It has now been one year since the July 15-16 attempted coup in Turkey. As the “Justice and Development” Party (AKP) government plans its lavish commemorations of this anniversary, Turkey’s society is more polarized than ever.
A “justice” protest and march led by the main opposition Republican People’s Party (CHP) this week attracted more than a million people. The CHP, its supporters and allies demonstrated against what they described as the “second coup” – AKP President Erdogan’s power grab and consolidation of one-man rule following the attempted military coup.
The size and energy of the protests appear to have caught Mr. Erdogan and the government by surprise. It should not have. Mr. Erdogan’s never-ending purges and states of emergency following the coup attempt have seen close to 200,000 civil servants, police, soldiers, teachers, professors, judges, businesspeople and journalists dismissed and/or imprisoned. Even whispered rumors of links to the Fethullah Gulen movement (the supposed mastermind of the coup attempt) have served to destroy people’s jobs and lives, as terrified bosses and sycophantic courts (led by judges not yet purged) fire and imprison hundreds of thousands with little to no evidence.
The sheer scale and atmosphere of the purges harkens back to China’s Cultural Revolution, when Mao Zedong mobilized his true believers to lash out at any and all enemies, whether real or just perceived. As Al Monitor columnist Ali Bayramoglu noted this week, “…the July 15 coup attempt became a milestone in deepening and institutionalizing an authoritarian, populist rule, marked by a new government narrative of ‘an integrated and combined threat’ in which Gulenists, leftists, liberals, Kurds and various oppositional quarters are lumped together and portrayed as partners in subversive activities.”
If Mr. Erdogan assumes that non-AKP devout Muslims are Gulenists or Islamist rivals, and Leftists, liberals, Kurds, secularists and others are enemies as well, that probably places a good deal more than half of Turkey’s population in the “terrorist” camp. They are in the “terrorist” camp because this has been the polarizing cultural revolution-style rhetoric that Mr. Erdogan sinks to, referring to CHP demonstrators as “terrorists” and calling Selahattin Demirtas, the imprisoned Kurdish leader of the Democratic People’s Party (HDP) and former presidential candidate, a “terrorist” at the G20 summit last week. Rather than fellow citizens with a different political perspective, all opponents of Mr. Erdogan’s AKP regime become terrorists – which in turn justifies whatever the government will do to them.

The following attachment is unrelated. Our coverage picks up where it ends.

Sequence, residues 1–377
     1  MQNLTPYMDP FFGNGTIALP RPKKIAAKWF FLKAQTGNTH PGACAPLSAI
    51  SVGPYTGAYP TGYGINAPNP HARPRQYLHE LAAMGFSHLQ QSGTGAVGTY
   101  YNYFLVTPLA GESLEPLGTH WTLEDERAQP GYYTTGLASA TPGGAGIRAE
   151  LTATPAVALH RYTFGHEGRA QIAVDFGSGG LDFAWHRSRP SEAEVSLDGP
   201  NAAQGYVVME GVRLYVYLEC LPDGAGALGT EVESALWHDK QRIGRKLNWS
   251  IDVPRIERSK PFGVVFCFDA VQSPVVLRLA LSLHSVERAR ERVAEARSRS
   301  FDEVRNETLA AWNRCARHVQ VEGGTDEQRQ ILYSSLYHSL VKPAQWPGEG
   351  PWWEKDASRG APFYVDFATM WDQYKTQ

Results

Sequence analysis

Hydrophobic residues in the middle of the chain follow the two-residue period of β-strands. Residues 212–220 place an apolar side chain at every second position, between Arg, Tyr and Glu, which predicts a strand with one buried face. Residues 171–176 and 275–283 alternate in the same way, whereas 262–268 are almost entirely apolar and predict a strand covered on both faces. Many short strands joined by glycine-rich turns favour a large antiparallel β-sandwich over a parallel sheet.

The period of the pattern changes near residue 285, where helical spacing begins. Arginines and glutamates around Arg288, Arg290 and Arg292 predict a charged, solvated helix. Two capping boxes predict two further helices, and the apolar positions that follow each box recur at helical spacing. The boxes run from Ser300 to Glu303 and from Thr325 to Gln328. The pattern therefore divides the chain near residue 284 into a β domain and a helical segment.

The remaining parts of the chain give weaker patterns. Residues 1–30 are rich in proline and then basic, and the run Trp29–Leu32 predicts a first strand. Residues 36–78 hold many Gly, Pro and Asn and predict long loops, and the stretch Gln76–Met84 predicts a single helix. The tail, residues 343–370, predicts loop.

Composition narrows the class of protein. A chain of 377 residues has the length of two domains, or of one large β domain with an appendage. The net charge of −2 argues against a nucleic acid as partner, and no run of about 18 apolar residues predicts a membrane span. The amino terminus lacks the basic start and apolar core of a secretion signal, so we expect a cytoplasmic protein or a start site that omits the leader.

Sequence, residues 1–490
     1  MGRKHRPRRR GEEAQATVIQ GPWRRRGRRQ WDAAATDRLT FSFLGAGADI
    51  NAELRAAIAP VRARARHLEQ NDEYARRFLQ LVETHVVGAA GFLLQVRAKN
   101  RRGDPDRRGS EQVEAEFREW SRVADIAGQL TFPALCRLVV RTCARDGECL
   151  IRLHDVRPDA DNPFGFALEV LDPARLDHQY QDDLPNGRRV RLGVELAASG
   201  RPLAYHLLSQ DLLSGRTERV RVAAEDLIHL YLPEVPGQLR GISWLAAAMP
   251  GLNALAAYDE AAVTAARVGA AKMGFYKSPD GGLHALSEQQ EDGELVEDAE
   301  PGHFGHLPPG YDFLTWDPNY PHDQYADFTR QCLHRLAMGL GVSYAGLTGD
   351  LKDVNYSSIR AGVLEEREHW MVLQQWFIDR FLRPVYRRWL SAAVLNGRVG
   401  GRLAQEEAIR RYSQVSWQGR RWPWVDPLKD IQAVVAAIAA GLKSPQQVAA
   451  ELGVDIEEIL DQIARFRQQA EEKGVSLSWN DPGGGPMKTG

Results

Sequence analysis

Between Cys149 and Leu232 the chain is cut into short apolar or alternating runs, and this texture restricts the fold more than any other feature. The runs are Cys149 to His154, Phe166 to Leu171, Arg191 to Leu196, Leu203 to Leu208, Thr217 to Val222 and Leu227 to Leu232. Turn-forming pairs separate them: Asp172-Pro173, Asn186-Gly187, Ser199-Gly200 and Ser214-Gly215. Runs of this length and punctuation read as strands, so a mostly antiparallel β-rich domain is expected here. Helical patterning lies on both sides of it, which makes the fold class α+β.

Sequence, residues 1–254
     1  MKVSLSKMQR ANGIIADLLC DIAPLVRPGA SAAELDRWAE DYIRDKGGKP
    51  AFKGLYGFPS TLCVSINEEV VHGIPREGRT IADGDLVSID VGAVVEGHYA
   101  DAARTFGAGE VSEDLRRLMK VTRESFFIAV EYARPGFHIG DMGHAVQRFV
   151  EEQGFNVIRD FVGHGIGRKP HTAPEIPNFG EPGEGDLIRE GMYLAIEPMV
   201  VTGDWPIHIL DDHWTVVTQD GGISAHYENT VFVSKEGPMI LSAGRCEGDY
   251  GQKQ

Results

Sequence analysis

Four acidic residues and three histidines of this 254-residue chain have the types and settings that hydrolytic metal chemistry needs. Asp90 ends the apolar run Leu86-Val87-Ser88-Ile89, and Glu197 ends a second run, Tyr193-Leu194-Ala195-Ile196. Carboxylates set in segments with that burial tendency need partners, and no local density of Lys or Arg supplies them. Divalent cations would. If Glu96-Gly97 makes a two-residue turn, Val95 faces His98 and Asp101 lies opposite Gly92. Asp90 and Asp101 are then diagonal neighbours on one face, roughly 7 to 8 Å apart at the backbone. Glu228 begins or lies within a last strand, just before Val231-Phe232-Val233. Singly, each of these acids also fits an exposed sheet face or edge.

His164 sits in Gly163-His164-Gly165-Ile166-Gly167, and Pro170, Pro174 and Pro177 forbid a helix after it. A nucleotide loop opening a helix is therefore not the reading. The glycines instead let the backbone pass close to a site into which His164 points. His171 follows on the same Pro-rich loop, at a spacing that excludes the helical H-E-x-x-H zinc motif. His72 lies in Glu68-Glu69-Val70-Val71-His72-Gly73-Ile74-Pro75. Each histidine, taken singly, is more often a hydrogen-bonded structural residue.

One can only hope this will not further descend into mass killings, such as the 1.5 million murdered during China’s cultural revolution. In the meantime, the constant alarms, threats and government measures to deal with them leave society breathless, unable to coordinate opposition to the regime’s consolidation of power. That is no doubt Mr. Erdogan’s shrewd intent.
The CHP-led protests this week indicate that the opposition may finally be coalescing and organizing effectively, however. Perhaps the Kemalists of the CHP now realize they should never have voted to lift parliamentary immunity of deputies accused of crimes, as one of their top members of parliament -- Enis Berberogu – received a 25-year prison term for leaking information about Turkish Intelligence’s weapons shipments to Islamists in Syria. The CHP thought that only Kurdish HDP deputies would have their immunities lifted, forgetting a simple truth in Turkey: the stripping away of democratic rights and civil liberties of one group (usually the Kurds) ends up stripping these away from everyone.
With support from the HDP and others, CHP leader Kemal Kilicdaroglu is focusing the growing protests on a list of 10 demands. As the Guardian explains, these “include restoring parliament’s authority, lifting the state of emergency, re-establishing judicial independence and releasing detainees. The effect would be to roll back the sweeping executive powers granted to Erdoğan after he narrowly won last April’s constitutional referendum.” These demands in practice push for the release of Kurdish political prisoners such as Mr. Demirtas from prison.
Turkey will thus either move back towards becoming a country of the rule of law and expanding democracy, which must include its Kurdish citizens, or it will move to some other model more familiar to the region.
David Romano has been a Rudaw columnist since 2010. He is the Thomas G. Strong Professor of Middle East Politics at Missouri State University and author of The Kurdish Nationalist Movement (2006, Cambridge University Press) and co-editor (with Mehmet Gurses) of Conflict, Democratization and the Kurds in the Middle East (2014, Palgrave Macmillan).
The views expressed in this article are those of the author and do not necessarily reflect the position of Rudaw.